An Interview of Camille Paglia, Atheist

CAMILLEPAGLIAI don’t usually recommend reading materials from an atheist, but this interview with Camille Paglia is a delightful, insightful read.

(Thanks to Scot McKnight at Jesus Creed for bringing to my attention.)

Profile photo of Jay Guin

About Jay F Guin

My name is Jay Guin, and I’m a retired elder. I wrote The Holy Spirit and Revolutionary Grace about 18 years ago. I’ve spoken at the Pepperdine, Lipscomb, ACU, Harding, and Tulsa lectureships and at ElderLink. My wife’s name is Denise, and I have four sons, Chris, Jonathan, Tyler, and Philip. I have two grandchildren. And I practice law.
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7 Responses to An Interview of Camille Paglia, Atheist

  1. John F says:

    Meaning through cultural art — vacuous, The best to be hoped for is “cultural appreciation. Yet the lack of atheistic militancy is refreshing The highest possible result of what is a meaningless existence; we must feel compassion, but not yield the upward call.

  2. Profile photo of Jay Guin Jay Guin says:

    John F,

    Paglia says,

    All the great world religions contain a complex system of beliefs regarding the nature of the universe and human life that is far more profound than anything that liberalism has produced. We have a whole generation of young people who are clinging to politics and to politicized visions of sexuality for their belief system. They see nothing but politics, but politics is tiny. Politics applies only to society. There is a huge metaphysical realm out there that involves the eternal principles of life and death.

    Wouldn’t it be great to discuss Christianity with a liberal atheist who has such a high view of religion. I mean, she has the wrong answer but she understands the questions so much better than most. And this is the attitude that allows for productive dialogue. We should celebrate anyone who is willing to give Christianity a fair hearing.

    And her recognition that the Post-modern obsession with sex limits values and meaning to politicized sexualized posturing is just so insightful. C.S.Lewis said much the same thing.

  3. John F says:

    “We should celebrate anyone who is willing to give Christianity a fair hearing” That was the point of my comment about a refreshing lack of atheistic militancy. It would seem her atheism is born of a cultural viewpoint rather than science, so there is likely hope.

    Just this last Sunday evening I had about a 20 minute conversation with a young woman who had come to worship with Grandma. Her first question was about “Do really good people go to heaven, and when “… no one comes to the Father but by Me” didn’t fly with her, she fell back into atheism, and finally when challenged with irrefutable physics (did not allow her “eternal universe” to stand unchallenged, she agreed to view the John Lennox video, so we shall see.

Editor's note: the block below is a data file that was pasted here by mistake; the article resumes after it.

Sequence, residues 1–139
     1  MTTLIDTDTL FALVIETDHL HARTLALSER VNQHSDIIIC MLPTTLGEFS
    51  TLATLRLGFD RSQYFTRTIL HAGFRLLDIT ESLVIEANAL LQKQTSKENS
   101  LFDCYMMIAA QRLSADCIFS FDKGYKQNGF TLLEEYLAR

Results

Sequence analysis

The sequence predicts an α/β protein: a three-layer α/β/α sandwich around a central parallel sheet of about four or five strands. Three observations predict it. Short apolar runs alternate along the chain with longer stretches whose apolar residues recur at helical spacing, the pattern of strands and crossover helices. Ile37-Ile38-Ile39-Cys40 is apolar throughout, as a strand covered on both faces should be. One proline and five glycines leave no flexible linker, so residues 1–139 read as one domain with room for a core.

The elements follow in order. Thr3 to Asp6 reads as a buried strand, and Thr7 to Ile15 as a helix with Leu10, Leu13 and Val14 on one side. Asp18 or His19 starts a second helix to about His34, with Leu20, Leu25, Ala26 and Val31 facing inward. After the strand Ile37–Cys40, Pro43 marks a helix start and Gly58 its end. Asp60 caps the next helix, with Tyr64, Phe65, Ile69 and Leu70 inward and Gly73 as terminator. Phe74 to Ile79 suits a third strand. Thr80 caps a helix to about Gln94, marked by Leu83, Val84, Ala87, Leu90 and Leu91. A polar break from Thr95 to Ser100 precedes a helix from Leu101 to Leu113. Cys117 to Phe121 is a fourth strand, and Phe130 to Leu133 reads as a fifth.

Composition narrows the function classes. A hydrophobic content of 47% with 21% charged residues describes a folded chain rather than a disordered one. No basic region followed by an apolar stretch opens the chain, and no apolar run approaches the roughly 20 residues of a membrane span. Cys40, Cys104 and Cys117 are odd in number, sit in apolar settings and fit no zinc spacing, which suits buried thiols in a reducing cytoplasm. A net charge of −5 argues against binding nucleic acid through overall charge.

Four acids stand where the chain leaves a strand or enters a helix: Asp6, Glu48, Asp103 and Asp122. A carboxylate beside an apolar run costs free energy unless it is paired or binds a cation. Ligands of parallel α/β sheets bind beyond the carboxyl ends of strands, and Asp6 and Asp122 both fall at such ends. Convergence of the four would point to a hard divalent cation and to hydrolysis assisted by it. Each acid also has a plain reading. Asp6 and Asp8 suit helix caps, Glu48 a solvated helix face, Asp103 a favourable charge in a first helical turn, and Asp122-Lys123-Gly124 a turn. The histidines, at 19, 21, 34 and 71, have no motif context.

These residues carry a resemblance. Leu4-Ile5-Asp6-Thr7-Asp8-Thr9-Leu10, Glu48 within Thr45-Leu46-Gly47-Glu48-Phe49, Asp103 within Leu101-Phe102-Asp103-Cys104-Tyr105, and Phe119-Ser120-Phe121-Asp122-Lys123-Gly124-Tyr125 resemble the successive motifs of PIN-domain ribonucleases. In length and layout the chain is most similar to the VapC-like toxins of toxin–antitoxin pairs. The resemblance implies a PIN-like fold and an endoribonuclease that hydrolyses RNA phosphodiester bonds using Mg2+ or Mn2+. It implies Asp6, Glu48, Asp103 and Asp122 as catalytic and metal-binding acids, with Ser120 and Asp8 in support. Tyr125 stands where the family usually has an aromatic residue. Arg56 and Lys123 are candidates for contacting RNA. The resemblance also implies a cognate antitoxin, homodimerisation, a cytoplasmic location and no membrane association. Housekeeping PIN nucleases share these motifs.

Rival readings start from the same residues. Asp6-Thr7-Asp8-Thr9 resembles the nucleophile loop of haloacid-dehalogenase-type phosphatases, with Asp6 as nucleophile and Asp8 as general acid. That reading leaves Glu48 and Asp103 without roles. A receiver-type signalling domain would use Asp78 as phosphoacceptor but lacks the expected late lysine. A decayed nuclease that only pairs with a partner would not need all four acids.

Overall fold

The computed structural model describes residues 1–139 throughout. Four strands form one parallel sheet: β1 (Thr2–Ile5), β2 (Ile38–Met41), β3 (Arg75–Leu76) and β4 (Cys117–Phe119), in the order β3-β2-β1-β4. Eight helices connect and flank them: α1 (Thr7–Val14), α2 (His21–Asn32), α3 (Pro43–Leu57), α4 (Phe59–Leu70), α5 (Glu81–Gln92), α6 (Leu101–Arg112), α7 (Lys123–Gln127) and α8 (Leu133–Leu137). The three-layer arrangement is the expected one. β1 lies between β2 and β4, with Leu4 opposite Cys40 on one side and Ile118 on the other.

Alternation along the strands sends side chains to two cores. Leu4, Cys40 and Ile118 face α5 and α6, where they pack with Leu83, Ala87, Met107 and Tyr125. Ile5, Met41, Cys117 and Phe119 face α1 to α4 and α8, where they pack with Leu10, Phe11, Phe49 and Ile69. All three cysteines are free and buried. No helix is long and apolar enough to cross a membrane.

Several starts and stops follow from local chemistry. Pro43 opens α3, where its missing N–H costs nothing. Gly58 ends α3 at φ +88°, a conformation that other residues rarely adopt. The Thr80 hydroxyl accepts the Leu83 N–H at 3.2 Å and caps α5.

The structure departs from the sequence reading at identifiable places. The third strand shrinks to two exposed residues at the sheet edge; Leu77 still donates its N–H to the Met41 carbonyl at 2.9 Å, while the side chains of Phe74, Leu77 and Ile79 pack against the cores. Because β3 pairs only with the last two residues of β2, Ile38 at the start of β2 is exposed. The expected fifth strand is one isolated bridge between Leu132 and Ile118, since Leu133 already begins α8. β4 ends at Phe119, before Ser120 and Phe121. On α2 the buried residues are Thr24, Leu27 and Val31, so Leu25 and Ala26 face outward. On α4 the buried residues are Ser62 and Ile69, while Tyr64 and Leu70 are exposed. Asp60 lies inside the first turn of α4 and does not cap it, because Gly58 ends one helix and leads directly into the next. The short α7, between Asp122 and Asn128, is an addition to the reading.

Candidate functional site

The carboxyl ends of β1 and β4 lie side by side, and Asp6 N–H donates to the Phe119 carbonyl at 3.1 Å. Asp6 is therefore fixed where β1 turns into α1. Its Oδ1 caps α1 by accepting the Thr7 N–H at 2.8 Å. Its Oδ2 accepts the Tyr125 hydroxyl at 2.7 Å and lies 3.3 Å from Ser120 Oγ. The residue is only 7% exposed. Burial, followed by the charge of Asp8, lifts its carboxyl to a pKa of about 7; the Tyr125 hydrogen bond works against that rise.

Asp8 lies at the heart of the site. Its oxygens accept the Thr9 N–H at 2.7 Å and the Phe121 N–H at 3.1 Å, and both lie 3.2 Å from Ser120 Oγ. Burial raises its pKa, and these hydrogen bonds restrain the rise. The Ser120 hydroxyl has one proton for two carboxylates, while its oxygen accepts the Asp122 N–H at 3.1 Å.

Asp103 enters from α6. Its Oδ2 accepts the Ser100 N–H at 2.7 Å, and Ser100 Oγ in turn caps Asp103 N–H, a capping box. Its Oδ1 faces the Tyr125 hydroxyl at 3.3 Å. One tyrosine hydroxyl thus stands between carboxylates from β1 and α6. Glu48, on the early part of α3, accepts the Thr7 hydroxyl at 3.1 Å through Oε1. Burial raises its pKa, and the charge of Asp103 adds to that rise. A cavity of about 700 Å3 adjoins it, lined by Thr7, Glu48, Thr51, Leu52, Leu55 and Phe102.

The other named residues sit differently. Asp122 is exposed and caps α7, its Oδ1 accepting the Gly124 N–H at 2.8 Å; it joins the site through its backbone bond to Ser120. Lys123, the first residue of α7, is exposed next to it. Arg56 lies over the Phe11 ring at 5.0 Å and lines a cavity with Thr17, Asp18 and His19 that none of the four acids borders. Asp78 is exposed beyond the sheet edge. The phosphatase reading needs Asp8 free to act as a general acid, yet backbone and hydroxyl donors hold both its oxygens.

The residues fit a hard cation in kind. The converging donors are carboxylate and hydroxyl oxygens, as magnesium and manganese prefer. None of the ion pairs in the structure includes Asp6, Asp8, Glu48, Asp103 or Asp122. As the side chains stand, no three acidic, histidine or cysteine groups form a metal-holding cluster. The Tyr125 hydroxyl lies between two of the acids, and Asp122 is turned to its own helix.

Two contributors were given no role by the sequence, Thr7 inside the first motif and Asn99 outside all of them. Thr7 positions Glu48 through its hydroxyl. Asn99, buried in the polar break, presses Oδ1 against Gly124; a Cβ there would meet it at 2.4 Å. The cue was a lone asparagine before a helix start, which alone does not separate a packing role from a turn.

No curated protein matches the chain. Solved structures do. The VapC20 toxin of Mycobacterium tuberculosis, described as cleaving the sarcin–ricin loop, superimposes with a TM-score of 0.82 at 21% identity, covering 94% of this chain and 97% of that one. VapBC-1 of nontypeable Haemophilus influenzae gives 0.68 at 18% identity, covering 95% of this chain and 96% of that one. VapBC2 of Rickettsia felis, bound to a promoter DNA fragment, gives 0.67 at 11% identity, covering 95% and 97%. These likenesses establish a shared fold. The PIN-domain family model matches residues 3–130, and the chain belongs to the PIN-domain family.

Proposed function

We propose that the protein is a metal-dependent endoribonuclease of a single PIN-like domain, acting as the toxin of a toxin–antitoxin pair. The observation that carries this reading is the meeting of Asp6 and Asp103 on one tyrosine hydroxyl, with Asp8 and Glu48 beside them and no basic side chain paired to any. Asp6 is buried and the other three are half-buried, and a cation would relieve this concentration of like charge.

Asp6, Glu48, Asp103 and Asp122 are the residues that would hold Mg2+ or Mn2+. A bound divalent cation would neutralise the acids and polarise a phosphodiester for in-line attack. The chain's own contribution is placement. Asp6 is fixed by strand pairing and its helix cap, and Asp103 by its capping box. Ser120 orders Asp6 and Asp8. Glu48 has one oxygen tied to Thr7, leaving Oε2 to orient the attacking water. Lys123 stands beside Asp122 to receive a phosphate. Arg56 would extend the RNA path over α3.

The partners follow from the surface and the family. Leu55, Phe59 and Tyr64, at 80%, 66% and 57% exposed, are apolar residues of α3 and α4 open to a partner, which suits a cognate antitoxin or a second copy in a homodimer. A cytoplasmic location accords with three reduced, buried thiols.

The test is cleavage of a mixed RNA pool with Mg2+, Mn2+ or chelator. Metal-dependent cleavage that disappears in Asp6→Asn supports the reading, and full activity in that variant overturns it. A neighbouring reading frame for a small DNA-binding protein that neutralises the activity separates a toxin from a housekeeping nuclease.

The Lennox video was a useful refresher well timed

    Thanks

    (Other links to veritas.org seem to lock up, but I’ll fix . . . . .)

  4. Larry Cheek says:

    Did anyone listen to Jeff Walling and his Son at Summer Celebration Lipscomb University 2014 on the topic of “A post Christian World”? Atheist’s and all other religions use Jesus time to identify their birth their age and their death as well as documenting all events during their lives. In fact the whole world documents time by the year of our Lord. You will be amazed at the information that we have ignored about the life of God’s Son.
    These two lessons can be downloaded from Summer Celebration website for $5.00 each.

  5. John says:

    Her honesty and intelligence is very refreshing. But, keep in mind that there are liberals who are critical of the views and ways of other liberals, as there are conservatives who are critical of other conservatives. Besides, Jon Stewart has sliced up and intimidated political and religious conservatives for so long that I’m sure it just tickles many of them to death to hear him being slammed by someone on that end of the spectrum.

    Remember, one “in house” critical article, so to speak, does not necessarily shake any foundations. They can be found all over the “great map of opinions”. The shaking of the status quo is from the changing minds and the hearts of the people who get up every morning, walk out the front door and share their souls with one another.

  6. Monty says:

    Question everything. Many on both the left and the right fail to do that. Challenge your own beliefs.

  7. Dustin says:

    Good point Monty. My favorite atheist has to be Slavoj Zizek. He is not a “New Atheist” in the vein of Richard Dawkins. He talks and talks and then talks more. Once he gets focused, his talks and writings are hard hitting. His critique of Christianity can certainly push us to think. David Fitch wrote a book using the ideological theory of Zizek called “The End of Evangelicalism? Discerning a New Faithfulness for Mission: Towards an Evangelical Political Theology.”

    Some of Zizek’s most popular books are on Christ or Christianity. Here is a brief list:

    The Fragile Absolute
    The Monstrosity of Christ
    The Puppet and the Dwarf
    God in Pain

    Here is an excellent discussion with Jack Miller on God in Pain: https://youtu.be/sQ3g2zS6Tuk

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